Updated: Mar 19
Due to COVID, it's not easy to feel the warmth of home: fresh deditos out the oven, hugs from our mothers, or anecdotes from our grandfathers. Although it's difficult, I remember my conversations with different immigrants such as Martha in these moments. She never fails to bring me the warmth of an icy winter day.
Amidst the biting cold, I approached my school's front desk for my first shift as a temporary secretary. I set down my weighty books and began to answer phone calls. A woman rolled a squeaking cart filled with Fabuloso, the same product my mom used to clean my room back home. I pointed it out and introduced myself. With her vibrant smile, Martha told me her story of fleeing El Salvador's civil war and immigrating to the U.S.
Since that day, we'd spend part of the evening talking and laughing, despite her insisting that I do my school work. Martha would ask about my day while I helped her clean my school's classrooms. She'd tell me about her part-time jobs and adoration for Valdez coffee.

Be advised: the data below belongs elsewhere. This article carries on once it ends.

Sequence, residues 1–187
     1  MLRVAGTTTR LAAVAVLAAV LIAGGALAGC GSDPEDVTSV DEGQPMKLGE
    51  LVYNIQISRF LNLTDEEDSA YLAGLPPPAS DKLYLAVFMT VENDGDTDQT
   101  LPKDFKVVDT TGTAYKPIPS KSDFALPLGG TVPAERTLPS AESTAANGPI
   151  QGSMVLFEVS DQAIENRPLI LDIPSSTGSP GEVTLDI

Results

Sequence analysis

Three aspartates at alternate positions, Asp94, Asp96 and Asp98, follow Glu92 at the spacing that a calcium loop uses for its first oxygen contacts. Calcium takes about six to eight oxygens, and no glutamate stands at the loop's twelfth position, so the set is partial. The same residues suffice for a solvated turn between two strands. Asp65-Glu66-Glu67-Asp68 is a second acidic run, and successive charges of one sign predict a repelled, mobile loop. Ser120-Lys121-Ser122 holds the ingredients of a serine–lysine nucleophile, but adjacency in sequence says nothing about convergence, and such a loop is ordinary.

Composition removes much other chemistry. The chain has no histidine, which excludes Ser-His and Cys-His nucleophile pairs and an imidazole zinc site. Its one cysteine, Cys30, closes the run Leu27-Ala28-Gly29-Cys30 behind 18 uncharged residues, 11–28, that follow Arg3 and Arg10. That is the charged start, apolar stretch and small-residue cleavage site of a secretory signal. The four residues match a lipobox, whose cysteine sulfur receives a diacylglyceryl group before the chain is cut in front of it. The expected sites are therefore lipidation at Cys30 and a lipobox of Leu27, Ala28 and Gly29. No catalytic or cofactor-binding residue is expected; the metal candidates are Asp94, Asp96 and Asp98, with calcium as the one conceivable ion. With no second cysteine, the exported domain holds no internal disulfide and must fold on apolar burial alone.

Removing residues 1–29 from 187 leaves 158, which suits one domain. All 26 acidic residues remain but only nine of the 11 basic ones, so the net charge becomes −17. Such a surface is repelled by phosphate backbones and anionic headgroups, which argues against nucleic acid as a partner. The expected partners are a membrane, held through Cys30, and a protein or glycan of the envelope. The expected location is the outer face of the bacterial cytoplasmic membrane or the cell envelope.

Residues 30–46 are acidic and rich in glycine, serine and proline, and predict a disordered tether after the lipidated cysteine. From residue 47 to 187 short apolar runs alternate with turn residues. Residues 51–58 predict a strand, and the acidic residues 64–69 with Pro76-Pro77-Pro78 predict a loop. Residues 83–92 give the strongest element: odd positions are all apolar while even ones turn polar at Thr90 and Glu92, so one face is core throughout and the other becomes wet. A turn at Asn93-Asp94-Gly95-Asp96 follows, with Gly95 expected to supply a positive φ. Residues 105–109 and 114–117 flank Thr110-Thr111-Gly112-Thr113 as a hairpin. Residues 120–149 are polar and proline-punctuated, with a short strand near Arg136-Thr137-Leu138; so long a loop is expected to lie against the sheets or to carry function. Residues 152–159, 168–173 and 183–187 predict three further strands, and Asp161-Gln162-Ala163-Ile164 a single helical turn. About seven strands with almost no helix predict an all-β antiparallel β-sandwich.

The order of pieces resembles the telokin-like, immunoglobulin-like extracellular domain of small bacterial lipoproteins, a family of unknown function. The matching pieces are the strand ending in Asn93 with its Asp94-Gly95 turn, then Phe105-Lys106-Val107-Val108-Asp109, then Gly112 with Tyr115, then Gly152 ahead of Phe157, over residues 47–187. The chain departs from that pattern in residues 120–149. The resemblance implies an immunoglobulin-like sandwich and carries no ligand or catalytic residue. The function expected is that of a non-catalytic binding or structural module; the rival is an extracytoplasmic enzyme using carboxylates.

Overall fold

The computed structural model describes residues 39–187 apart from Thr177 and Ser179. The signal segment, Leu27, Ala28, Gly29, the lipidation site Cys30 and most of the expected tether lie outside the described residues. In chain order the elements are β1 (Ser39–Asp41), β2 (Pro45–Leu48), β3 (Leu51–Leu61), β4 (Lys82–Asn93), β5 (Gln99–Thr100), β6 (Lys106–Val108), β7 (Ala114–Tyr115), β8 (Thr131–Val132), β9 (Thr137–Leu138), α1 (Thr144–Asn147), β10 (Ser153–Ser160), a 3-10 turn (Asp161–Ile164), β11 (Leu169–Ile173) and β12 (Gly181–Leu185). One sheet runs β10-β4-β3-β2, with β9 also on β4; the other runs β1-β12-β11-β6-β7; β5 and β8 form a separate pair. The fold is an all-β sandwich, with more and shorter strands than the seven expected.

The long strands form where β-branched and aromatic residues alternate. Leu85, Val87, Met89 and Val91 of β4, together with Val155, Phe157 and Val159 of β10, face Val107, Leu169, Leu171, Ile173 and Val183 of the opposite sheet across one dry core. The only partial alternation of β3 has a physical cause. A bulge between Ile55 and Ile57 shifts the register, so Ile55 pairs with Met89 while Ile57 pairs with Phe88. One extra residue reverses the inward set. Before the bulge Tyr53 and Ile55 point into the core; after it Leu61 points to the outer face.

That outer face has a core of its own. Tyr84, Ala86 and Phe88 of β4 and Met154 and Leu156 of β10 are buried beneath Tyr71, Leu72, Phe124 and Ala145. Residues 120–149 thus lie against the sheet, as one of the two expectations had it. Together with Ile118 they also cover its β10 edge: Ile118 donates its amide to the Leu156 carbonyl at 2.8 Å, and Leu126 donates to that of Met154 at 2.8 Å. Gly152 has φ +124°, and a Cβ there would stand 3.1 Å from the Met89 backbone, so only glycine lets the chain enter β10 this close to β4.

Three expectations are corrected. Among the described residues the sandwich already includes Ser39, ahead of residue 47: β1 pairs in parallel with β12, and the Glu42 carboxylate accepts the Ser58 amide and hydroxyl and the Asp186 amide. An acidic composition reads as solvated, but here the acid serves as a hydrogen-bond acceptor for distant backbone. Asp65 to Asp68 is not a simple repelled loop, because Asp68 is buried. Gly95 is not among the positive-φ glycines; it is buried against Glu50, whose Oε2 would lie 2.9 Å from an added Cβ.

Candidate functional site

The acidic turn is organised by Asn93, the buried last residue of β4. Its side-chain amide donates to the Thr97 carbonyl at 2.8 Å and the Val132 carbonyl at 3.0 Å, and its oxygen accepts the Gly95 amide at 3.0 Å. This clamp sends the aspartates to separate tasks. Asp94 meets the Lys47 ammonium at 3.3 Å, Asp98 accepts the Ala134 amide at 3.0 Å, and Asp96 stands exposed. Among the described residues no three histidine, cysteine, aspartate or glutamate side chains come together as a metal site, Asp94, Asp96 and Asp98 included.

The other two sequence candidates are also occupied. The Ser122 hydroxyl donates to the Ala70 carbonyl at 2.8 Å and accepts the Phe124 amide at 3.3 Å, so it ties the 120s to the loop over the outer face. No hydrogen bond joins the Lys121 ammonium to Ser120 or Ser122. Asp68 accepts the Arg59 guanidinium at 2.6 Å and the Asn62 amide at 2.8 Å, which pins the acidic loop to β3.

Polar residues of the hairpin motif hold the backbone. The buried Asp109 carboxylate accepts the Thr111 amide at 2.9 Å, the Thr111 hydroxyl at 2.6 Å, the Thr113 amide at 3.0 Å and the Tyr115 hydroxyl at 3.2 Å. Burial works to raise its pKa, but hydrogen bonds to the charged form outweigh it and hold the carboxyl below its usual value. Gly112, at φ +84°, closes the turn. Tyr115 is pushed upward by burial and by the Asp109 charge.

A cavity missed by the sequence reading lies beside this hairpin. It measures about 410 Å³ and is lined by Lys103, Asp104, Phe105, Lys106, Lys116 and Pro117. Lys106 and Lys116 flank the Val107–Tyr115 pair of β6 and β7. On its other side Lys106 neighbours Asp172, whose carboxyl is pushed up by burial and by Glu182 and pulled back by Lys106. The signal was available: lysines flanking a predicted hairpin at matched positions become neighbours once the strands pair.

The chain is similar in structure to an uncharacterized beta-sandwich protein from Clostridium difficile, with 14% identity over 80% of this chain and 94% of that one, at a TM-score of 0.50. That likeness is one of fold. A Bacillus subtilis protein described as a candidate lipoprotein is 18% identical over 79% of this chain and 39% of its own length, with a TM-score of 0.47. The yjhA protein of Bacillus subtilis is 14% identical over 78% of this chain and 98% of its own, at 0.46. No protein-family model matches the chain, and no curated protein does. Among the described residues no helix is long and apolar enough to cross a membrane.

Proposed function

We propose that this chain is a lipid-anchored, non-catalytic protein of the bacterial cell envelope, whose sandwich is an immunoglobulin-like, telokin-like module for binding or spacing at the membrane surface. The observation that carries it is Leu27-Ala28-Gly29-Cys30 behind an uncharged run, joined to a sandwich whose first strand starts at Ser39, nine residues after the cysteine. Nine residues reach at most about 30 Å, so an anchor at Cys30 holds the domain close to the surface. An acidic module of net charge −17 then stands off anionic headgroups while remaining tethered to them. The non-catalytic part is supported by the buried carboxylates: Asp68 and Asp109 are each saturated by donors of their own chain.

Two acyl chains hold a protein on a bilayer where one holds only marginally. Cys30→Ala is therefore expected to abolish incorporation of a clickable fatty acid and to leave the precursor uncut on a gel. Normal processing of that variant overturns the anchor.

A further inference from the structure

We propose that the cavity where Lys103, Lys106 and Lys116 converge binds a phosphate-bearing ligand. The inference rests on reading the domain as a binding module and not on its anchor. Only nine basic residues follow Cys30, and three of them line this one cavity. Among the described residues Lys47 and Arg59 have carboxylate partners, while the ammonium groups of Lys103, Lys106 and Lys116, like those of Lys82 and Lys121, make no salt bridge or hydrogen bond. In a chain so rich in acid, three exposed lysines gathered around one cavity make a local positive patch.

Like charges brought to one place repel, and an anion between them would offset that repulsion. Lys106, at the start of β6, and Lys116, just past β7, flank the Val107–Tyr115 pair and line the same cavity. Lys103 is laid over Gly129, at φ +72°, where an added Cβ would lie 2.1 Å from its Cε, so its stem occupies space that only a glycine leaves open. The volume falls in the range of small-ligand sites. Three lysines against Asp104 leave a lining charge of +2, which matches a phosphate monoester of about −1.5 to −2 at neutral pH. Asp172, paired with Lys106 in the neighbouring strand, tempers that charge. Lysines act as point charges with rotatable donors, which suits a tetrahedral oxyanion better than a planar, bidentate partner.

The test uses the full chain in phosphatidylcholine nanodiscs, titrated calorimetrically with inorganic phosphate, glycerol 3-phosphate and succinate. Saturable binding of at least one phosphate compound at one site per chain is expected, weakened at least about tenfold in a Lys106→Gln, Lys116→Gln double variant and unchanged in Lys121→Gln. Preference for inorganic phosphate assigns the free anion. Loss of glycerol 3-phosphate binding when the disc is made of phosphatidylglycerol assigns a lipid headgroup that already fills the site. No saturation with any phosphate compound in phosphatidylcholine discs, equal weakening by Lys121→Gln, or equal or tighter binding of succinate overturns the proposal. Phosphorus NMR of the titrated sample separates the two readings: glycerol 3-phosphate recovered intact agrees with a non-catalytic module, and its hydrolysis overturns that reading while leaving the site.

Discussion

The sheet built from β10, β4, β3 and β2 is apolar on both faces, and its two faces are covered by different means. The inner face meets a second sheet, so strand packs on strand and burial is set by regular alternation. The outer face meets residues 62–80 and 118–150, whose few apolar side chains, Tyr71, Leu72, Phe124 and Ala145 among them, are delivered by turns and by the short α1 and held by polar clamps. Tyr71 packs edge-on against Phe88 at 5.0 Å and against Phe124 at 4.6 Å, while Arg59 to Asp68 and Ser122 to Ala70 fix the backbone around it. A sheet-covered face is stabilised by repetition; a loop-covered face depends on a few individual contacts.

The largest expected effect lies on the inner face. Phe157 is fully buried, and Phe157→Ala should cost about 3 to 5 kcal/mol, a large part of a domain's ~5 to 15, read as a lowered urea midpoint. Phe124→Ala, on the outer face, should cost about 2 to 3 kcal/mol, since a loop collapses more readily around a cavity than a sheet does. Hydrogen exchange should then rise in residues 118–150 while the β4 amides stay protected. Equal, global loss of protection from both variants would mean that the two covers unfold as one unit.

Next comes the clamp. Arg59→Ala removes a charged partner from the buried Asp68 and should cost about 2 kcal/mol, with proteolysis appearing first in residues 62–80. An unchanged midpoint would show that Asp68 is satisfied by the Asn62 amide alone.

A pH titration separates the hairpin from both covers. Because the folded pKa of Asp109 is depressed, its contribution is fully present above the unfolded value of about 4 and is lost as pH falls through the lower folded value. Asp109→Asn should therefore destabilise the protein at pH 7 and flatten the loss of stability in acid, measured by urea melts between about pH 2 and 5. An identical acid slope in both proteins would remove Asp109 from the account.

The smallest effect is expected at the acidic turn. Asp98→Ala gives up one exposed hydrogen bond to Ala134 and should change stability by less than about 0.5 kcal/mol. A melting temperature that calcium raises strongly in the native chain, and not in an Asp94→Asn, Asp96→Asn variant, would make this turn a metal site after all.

My connection with Martha has a different kind of value to me as a minority in the US. I consider Martha family and our evening conversations a home. After a long day at school stressing about my work, Martha's laughter and feelings of gratitude for living in the U.S. brought me to appreciate the value of my education and my journey as well.
Martha inspired "Voices of Migrants," which shows the courage behind migrants' stories. Though I couldn't see her during quarantine, sharing migrants' journeys reminds me of the crisp warmth I'd find in our conversations and Martha's gratitude during an icy winter day.